This is the tenth and final part of a blog series in which I’m learning to use fountain pens. For all the previous installments, click here.
When I began writing this series of blog posts over two years, I’d hoped that I would be proficient with a fountain pen by the end. But now here I am, a collection of fountain pens surrounding me, and I still feel like a novice. These are surprisingly complicated stationery tools, and I could probably write a hundred posts in this series without feeling totally comfortable. Still, I’ve managed to learn a lot along the way, and, at the very least, I don’t find fountain pens as intimidating as I once did.
So, now that I’ve literally and figuratively spilled a good deal of ink, it’s time to end this series with a fountain pen that I’ve been coveting since the very beginning: The Pilot Vanishing Point.
The Vanishing Point’s claim to fame is that it’s one of the very few retractable fountain pens on the market, and it has been ever since the product line was introduced in the 1960s. Why don’t more manufacturers make retractable fountain pens? Well, when a fountain pen nib is exposed to air for too long, ink will dry up in and around the feed, which causes clogs that are a hassle to clean. But Pilot’s engineers solved this problem with a simple “trap door” mechanism that opens when the nib is ejected and seals shut when it is retracted.
It’s a novelty – and I mean that in the best sense of the word – but it’s also expensive. So, after saving up a little, I spent the most amount of money I’ve ever spent on a pen, $134, and placed my order for a bright yellow Vanishing Point with a medium nib. When it arrived a few days later, I wasted no time before inking it up with a brown Iroshizuku (Pilot brand) ink.
While a lot of other fountain pens can come across as pretentious or gaudy, the Vanishing Point’s sleek design is like writing with a Chevy Camaro. So handing it over to people who have zero experience with fountain pens is a lot of fun, if not also a bit risky. I’ve stood frozen with terror as a co-worker attempted to write with the nib upside-down and then proceeded to shake the bejeezus out of it when the ink wouldn’t flow. But these are the risks we take to show off a cool pen.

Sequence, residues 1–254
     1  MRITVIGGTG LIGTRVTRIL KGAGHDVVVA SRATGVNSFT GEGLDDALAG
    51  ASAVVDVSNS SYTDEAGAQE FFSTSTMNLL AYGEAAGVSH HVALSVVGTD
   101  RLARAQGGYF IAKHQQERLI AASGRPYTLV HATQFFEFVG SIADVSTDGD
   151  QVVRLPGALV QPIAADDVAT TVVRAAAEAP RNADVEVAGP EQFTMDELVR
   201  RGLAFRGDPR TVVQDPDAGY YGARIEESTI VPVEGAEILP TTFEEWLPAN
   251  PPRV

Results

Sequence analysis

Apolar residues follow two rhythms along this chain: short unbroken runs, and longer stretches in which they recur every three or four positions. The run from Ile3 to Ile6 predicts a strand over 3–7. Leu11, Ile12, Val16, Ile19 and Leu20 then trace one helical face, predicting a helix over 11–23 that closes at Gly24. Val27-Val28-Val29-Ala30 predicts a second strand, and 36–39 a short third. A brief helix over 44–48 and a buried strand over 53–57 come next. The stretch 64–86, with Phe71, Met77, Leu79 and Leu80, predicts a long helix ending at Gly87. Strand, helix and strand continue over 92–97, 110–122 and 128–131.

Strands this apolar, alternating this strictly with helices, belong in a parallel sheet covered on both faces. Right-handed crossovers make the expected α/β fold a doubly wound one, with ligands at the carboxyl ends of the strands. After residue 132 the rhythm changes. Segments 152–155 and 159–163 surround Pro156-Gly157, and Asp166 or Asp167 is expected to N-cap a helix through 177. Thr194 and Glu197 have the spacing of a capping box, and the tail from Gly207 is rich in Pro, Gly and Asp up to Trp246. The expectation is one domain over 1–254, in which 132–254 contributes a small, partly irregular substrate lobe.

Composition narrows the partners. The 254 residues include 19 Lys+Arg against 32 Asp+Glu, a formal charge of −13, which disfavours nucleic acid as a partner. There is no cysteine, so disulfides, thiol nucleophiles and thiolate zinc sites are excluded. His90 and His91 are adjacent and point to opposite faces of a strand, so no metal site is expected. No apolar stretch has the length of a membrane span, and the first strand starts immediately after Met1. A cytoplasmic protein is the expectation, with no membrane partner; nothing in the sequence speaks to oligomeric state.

And it is undoubtedly a cool pen. It writes smoothly, it looks good, and it’s generally just a pleasure to use. At the same time, it’s certainly not for everybody. For example, a lot has been written about this pen’s clip placement on the grip section of the barrel, and this is uncomfortable for some. Fortunately, I don’t have that problem, and if anything, I find that it helps me to hold the pen properly.
The big downside for me – and this applies to all expensive pens – is that I don’t always feel comfortable using it. If I’m at my desk, and I’m using Pilot’s approved ink, it’s fine. But if I want to take this out and about or use it at work, I’m paranoid about losing or breaking it. And, yes, I suppose this is just a personal mental block that I’ll have to get over, but the concern is real enough for me.
So, now the Nib Novice series is over, part of me wonders how much I’ll continue to use fountain pens. I have to admit that fountain pens never really clicked with me in the same way that they have for other people. Yes, I’ve learned a lot and had fun writing these posts, but I’ve also had my share of frustrating experiences. I also rarely find myself in situations where I need to sit down and write a lot, and ballpoints or gel pens tend to be much more convenient for me.
I suspect that I will, at least on occasion, use these pens. They are great for writing cards and checks, and my girlfriend uses the Pilot V Pen for all sorts of things. Time will tell, I suppose. So you’ll just have to keep an eye out for more fountain pen reviews in the future.